CRISIS OF THE CONTEMPORARY ART ?
To this day and age, no-one has ever witnessed a human revolution as fast, brutal, universal, and sweet as the digital revolution. It is developing faster than ideas. It stands in total contrast with the actual art crisis fighting against the languor and muddle of dubious commentaries drawn from it.
The end of Avant-garde epics, the wanderings of post-modernism and especially the market crisis all have a somewhat sweeping mediocre state of the art.
This debate is being revived through a series of articles in the magazine " Art Press ", by the Venise bi-annual Festival, by Kassel's Document and by the Basel (Bāle - switzerland) Trade Show.
Some are blaming the era, the schools and the artist is perceived as being decadent, others are pointing their finger at the market itself, the institutions, whilst some are evoking the " grandeur of early art " for which it was rightly decided to build a museum. However to this day I have never came across a single serious analysis of the new sociological and technological distribution which embraces contemporary art.
Yet this has got to be acknowledged, but it is not meant to be a negative point of view, however be it digital or archaic, art has become a craft as in the past. Luckily for us, there is still a lot of Art about and sometimes it is very interesting, yet now the wind is blowing in a different direction. The Avant-gardist ideological crisis of the end of the seventies put an end to the great era when each artist whether famous or not, pretended to sign a new page of a Grand and Heroic Historyof Art (2). Better still, contemporary works of art come under a mere chronological history of arts and crafts. Electronic art which gave a whole different meaning to ART, in its conception,
aesthetics, status, signature, and broadcasting are in turn the pathfinders of a demanding craft, even though one cannot possibly preserve them like traditional works of art.
These contemporary works of art, which I will call " archaic and charming works ", to single them out from " digital art " are in the end rare, outstanding " oddities ", worthy of a collector's dream.
Yet again, major works of arts before the eighties do deserve our outmost attention, for there are unique, as they are a testimony of a geat era. They must be carefully kept in a museum, because memory is more than ever difficult and precious in a changing world.
Ever since, current art which in most cases followed in the footsteps of Fine-Arts, rediscovered to our delight the charms of arts and crafts.
It does not claim anymore to belong to the rightful existential category of " Novelty " ; from now on, originality is the key word.
The ideological drift of an art pretending to identify itself to the promethean History of Humanity of an " avant-gardist art ", would have just lasted for a fraction of an intellectual excitement, a century and a half, fascinating yet ephemeral (short lived).
Today Art seems like a western twist of events on the lines of Michelet, Saint-Simon and of some ideologists of History and Progress. From the illusion of History and the myth of progress which had only experienced an heroic and brief shelf life to the tragical and caricatural paroxysm of avant-gardism which ended up with a questionning of the eighties : we called this post-modernism. We returned to a more modest art chronology and human adventure.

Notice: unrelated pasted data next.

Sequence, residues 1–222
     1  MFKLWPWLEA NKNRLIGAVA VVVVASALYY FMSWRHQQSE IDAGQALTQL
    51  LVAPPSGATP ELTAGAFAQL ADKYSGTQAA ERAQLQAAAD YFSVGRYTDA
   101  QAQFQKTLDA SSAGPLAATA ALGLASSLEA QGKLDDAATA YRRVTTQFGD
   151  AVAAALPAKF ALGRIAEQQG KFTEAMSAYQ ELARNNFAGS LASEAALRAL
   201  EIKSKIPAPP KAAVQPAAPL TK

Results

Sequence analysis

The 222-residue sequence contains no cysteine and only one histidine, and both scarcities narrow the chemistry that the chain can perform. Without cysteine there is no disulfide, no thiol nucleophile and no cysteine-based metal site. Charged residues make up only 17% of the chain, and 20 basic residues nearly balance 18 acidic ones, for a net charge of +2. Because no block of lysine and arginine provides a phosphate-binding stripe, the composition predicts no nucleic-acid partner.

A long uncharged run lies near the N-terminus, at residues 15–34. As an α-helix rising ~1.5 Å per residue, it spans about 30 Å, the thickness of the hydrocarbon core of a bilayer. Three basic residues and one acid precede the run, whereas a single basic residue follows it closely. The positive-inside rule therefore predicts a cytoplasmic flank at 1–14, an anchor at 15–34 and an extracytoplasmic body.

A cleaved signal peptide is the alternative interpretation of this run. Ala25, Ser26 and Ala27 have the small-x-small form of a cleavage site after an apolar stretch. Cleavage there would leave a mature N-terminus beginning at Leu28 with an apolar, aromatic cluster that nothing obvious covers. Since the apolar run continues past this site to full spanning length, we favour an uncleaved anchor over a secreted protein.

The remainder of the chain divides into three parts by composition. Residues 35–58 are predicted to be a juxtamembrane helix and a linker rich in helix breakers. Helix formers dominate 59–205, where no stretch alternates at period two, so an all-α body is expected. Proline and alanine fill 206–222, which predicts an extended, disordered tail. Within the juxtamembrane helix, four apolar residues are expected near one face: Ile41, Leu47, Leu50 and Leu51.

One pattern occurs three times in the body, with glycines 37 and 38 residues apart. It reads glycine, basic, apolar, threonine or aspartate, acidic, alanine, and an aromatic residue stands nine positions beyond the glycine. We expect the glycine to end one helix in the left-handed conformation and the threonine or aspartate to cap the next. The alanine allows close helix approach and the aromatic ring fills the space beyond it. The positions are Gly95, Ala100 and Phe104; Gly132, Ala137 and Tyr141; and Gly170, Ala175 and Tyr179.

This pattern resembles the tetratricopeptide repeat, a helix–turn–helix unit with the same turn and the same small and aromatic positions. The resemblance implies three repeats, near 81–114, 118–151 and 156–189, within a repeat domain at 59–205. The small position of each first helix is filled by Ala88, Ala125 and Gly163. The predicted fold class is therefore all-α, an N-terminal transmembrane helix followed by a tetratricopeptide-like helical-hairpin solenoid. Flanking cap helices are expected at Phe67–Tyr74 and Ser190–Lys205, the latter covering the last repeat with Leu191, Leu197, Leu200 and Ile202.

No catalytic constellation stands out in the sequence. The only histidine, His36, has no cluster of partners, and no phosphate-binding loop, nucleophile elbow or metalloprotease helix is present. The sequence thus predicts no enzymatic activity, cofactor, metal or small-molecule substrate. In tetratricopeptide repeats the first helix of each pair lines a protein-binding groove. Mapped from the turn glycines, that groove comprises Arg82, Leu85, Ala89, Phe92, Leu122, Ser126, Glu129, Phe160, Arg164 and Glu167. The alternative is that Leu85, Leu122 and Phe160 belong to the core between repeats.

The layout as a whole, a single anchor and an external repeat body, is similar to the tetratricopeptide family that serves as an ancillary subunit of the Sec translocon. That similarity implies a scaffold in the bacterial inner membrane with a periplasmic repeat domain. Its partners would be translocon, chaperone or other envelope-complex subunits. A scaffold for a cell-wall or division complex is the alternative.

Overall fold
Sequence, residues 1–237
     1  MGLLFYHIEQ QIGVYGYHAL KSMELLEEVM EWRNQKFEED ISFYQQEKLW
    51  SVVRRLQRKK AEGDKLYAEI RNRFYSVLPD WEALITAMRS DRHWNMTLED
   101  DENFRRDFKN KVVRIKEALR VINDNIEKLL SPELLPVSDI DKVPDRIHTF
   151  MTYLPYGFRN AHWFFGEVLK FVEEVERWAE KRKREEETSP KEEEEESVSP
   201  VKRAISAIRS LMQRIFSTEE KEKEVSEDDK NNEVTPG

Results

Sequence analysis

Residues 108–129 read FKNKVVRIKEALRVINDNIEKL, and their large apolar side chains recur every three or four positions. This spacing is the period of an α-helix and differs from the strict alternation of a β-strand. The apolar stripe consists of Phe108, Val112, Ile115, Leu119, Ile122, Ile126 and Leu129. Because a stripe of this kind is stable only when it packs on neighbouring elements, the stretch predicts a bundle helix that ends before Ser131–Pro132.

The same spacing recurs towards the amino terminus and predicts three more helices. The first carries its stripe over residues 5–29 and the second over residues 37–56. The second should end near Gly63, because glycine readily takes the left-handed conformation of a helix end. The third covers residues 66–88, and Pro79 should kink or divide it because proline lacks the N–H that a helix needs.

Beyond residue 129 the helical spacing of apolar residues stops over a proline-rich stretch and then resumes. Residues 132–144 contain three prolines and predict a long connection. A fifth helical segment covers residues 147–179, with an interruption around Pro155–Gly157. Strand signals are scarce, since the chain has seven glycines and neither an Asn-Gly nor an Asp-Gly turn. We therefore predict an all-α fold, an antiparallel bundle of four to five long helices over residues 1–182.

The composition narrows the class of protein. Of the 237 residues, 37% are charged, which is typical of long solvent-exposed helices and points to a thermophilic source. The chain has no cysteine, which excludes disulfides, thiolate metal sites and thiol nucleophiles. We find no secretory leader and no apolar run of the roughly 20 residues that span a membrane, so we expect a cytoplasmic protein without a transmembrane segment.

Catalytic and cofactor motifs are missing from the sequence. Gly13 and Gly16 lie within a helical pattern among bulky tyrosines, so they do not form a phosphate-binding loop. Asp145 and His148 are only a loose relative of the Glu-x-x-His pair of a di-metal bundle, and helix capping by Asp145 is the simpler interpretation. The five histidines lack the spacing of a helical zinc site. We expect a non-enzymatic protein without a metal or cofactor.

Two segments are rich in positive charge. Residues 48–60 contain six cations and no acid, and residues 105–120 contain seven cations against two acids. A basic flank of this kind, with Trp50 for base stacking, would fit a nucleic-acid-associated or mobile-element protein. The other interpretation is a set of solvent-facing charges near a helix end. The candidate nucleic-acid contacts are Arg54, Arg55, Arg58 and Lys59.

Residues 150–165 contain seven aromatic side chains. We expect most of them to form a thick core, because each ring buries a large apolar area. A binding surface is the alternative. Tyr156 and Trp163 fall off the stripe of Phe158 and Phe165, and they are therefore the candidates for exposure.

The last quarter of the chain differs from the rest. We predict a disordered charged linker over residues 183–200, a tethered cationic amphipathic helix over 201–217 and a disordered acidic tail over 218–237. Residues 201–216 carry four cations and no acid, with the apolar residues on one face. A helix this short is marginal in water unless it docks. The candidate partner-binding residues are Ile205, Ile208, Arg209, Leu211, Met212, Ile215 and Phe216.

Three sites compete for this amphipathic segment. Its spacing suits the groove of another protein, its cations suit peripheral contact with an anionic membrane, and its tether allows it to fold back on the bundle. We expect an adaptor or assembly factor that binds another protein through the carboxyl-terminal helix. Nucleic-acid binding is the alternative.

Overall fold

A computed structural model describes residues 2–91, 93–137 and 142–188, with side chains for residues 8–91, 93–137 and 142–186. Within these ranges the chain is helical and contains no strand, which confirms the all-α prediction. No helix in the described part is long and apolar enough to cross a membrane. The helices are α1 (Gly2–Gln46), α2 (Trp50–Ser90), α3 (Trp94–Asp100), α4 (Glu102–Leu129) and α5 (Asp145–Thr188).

Nevertheless, we should not forget that " Avant-garde " Art symbolized and embodied this illusion the most. Naturally excitement lost its appeal. Hence the betrayal of the current disillusion and " art crisis ".
Throughout his career, Jean-Clair committed himself to the various steps of this evolution and adopted a definite position on this matter.
However, even if we were we to return to the chronological " good old days " - " speed " is from now on the key element.
Contemporary production originates and dies at the same rate as the " Present time " as it was once said about the greek civilization. Only there is a major difference : at the end of this century, the eternity of the " Present time " or the " Vertical " time of the greeks, or the cyclic time of many other ancient societies gave way to the ephemeral (short lived) event-led fleeting time, which is quickly consumed and which doesn't leave any lasting traces.
Chronos devoured himself wholeheartedly without a break. Time " canibalized " everything.
This is also true of electronic arts for which the ever changing nature of multimedia technologies makes it difficult to preserve and which involves time aesthetics and event organization rather than the stillness and permanence of the Arts of Space.
Accelarated time produced by the digital revolution ( the first ever computer was created 50 years ago) destroys the merit of memory and obliterates history but by the same token it causes anxiety in relation to the future and in comparison with the past.
" Time - landscape " travels past windshields, television and computer screens and gradually fades away in our rear view mirror. Speed fascinates, excites and frightens. It inspires violent technological or dramatic works of art, but it also inspires nostalgic works of arts from the past, from nature, calm, voluptuous and restful.
Digital revolution tilted everything over including art. History becomes evanescent. We then become disposed to cultivate memory to reassure ourselves, information and consumption to enjoy our newfound powers, but also anxiety and excitement to pursue the digital adventure and to explore this new world that we yearn for.
As an artist, we are attempting to master current aesthetics which are event-led, multimedia and interactive. We could say that the return to arts and crafts is here to stay and contrary to general belief it is not going through a crisis. We do need it and paradoxically its social function renews with tradition within a new electronic civilization.